Your heart attack has a great impact on your family. Your family members were frightened when you had the heart attack and while you were in the intensive care unit. Compounding this is a feeling of helplessness as they watched the doctors treating you, not knowing what would happen.

Later, family members experience several different sorts of emotions. They feel the same sort of emotions you may be yourself experiencing. They may even feel resentment about the timing of your heart attack and your excessive demands on them. Your irritability may make them irritable. Try to understand that these reactions in family members are normal. They are not really blaming you, even though it may feel that way sometimes.

Another common feeling amongst family members is guilt. They may feel that they are somehow responsible for doing something that caused you to have a heart attack. These feelings may be especially acute in your wife and teenage children. Talk to them about these feelings. Explain that even though heart attacks occur suddenly, the underlying disease that caused it has taken years to develop.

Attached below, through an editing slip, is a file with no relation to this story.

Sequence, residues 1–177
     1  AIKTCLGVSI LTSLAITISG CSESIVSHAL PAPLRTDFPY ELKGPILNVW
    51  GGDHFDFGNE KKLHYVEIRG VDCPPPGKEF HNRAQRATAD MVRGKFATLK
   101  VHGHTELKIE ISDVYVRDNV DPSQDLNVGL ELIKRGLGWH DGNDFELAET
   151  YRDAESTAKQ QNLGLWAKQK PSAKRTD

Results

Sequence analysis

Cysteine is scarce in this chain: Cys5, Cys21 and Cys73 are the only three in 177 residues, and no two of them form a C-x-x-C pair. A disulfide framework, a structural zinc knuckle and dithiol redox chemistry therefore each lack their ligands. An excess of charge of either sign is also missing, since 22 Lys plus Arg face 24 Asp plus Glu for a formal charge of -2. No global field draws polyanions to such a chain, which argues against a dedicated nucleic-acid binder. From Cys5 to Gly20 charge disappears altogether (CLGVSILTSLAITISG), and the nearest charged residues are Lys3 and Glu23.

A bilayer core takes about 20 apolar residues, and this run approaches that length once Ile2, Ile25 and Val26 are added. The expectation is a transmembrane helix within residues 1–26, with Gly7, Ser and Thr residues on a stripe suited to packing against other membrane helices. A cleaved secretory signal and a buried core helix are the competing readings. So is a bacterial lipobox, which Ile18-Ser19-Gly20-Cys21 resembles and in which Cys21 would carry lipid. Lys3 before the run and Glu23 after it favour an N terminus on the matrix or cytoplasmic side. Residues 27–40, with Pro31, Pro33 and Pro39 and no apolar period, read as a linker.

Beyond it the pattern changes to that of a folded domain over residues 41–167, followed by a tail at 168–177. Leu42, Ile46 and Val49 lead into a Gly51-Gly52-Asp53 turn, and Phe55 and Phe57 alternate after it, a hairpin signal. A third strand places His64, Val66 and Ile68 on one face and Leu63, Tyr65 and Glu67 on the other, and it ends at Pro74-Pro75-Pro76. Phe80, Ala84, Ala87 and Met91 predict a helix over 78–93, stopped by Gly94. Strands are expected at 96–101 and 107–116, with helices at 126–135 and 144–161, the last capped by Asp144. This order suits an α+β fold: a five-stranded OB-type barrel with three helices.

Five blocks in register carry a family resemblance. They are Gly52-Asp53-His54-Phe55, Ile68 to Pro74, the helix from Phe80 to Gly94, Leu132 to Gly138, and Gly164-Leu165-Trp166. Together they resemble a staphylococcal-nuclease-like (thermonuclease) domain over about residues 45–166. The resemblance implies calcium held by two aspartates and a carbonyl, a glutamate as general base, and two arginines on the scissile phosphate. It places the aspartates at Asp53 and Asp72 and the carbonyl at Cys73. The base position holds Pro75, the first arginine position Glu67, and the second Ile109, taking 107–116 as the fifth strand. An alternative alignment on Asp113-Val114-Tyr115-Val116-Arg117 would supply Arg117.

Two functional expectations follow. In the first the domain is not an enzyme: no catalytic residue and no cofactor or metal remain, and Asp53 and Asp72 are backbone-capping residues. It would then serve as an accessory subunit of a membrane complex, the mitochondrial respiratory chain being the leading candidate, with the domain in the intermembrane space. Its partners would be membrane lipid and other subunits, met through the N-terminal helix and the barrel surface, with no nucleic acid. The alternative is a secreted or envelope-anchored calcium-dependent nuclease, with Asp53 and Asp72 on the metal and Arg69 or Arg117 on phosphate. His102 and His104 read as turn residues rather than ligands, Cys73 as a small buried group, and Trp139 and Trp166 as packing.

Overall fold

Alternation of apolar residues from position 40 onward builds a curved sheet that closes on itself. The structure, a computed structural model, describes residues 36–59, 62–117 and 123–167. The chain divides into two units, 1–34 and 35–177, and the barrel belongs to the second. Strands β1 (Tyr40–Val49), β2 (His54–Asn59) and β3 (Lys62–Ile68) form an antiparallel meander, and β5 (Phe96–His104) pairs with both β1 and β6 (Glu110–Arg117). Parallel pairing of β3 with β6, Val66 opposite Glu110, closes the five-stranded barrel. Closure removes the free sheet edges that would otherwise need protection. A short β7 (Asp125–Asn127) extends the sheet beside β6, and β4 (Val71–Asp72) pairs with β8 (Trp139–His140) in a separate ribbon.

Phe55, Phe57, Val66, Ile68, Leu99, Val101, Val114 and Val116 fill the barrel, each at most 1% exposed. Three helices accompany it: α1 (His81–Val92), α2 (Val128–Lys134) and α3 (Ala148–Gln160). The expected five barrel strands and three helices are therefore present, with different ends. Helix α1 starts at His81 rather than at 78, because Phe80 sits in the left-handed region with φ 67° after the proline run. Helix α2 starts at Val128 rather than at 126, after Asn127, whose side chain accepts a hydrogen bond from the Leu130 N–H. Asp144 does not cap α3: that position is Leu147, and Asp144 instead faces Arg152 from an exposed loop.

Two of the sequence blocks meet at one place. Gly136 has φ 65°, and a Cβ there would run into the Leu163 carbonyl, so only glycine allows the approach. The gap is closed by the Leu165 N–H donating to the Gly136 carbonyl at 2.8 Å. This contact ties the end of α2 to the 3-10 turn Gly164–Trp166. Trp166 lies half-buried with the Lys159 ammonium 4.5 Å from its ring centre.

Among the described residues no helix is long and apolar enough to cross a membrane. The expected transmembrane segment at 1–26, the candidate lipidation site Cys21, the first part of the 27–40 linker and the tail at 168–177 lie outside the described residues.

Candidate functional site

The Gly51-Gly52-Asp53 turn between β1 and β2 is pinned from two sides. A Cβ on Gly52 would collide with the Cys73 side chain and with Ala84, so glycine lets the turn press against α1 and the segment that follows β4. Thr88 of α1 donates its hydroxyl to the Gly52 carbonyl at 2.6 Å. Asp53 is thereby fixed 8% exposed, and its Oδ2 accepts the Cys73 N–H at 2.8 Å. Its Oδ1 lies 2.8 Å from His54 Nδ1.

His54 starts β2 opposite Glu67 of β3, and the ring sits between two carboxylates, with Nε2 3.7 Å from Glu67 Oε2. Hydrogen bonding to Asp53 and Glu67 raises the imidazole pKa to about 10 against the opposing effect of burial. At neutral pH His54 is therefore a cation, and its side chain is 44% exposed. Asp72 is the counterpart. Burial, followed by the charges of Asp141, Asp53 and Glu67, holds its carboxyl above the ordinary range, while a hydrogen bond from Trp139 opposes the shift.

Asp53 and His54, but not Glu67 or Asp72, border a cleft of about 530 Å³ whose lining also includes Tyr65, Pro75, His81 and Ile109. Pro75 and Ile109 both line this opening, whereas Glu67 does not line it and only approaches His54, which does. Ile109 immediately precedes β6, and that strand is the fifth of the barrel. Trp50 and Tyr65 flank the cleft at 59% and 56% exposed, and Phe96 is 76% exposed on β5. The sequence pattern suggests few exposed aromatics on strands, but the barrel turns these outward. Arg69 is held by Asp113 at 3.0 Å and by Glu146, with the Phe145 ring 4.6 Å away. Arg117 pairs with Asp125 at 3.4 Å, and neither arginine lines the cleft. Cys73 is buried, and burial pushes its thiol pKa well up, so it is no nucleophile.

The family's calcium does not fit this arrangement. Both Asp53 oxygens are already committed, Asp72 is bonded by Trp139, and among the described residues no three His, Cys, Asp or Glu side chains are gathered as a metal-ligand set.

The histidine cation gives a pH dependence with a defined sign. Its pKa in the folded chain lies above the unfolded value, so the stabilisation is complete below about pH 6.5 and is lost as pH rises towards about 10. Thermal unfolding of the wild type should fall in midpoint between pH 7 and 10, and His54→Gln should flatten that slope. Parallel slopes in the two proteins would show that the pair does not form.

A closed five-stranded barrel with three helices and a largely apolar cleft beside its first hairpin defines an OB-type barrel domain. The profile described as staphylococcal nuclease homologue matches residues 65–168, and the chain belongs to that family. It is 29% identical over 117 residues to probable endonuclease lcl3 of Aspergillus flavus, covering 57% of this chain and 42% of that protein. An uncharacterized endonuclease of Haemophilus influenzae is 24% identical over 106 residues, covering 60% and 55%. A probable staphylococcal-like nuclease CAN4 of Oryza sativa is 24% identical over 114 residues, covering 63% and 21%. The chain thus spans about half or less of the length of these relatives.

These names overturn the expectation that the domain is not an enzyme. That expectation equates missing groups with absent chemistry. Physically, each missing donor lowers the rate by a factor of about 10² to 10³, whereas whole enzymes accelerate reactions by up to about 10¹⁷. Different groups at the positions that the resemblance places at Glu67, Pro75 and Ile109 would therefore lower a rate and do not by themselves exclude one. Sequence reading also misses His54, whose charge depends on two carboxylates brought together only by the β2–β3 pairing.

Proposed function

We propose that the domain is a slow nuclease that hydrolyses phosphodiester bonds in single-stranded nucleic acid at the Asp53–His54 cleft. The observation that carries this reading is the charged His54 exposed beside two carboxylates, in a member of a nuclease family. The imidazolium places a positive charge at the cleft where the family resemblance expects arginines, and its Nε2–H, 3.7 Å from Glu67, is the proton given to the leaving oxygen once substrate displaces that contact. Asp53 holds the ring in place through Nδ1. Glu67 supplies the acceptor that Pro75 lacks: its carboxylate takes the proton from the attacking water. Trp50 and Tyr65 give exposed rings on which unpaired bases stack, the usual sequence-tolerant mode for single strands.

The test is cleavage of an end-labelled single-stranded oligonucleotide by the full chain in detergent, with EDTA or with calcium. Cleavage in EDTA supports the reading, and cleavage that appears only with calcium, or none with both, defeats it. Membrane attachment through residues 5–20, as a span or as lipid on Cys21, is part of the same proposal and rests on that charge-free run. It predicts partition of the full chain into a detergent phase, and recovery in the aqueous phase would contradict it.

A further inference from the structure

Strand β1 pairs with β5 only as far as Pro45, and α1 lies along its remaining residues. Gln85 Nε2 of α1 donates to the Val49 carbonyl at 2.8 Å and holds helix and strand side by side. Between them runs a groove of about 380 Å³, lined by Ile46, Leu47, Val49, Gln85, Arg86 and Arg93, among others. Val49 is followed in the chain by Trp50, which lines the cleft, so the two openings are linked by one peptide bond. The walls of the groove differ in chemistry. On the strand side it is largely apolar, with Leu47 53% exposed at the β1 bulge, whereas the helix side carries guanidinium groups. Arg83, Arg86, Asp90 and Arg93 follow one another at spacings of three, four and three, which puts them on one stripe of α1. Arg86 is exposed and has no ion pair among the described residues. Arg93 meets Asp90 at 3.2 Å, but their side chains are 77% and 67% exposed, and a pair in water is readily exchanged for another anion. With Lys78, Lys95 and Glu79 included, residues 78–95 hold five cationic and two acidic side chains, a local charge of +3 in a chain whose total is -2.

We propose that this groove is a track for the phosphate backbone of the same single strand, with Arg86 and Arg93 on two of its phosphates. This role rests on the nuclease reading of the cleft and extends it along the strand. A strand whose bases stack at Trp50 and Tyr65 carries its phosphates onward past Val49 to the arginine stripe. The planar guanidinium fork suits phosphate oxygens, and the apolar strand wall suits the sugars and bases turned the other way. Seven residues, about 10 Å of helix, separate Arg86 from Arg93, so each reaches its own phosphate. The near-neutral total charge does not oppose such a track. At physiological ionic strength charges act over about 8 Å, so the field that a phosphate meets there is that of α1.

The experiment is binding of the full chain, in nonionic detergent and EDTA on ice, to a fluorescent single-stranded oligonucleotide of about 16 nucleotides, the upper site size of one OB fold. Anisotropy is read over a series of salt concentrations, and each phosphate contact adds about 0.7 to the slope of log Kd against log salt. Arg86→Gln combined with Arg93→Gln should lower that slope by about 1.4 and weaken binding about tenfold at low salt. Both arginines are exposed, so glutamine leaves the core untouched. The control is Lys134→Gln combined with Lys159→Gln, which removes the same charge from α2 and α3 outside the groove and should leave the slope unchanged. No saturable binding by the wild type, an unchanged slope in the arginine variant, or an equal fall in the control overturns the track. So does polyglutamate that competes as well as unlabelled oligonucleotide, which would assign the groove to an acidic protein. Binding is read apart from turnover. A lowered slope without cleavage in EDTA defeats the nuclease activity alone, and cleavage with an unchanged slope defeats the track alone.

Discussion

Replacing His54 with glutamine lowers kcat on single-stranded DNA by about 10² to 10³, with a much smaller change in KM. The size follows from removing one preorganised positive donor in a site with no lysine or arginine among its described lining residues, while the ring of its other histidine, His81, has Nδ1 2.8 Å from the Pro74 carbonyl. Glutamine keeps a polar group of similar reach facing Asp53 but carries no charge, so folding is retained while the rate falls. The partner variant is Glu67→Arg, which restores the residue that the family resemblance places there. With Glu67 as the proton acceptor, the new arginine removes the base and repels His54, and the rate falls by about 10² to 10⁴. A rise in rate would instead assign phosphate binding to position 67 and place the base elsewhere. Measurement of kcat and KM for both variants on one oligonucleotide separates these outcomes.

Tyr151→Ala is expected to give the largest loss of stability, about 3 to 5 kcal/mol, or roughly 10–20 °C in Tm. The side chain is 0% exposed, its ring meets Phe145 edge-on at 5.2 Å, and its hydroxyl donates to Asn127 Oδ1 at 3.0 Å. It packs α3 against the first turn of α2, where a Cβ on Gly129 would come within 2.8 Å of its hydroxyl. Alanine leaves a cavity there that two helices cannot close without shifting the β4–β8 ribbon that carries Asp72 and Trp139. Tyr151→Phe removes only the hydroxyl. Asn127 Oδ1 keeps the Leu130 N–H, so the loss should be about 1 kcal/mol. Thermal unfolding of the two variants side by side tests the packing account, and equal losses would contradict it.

If there are any fears or resentment in the family, it's healthier to bring them out into the open. Don't let these feelings simmer, they are destructive. If you feel counselling would help you and your family deal with these problems better, feel free to ask your cardiologist for advice.


Cardio & Blood


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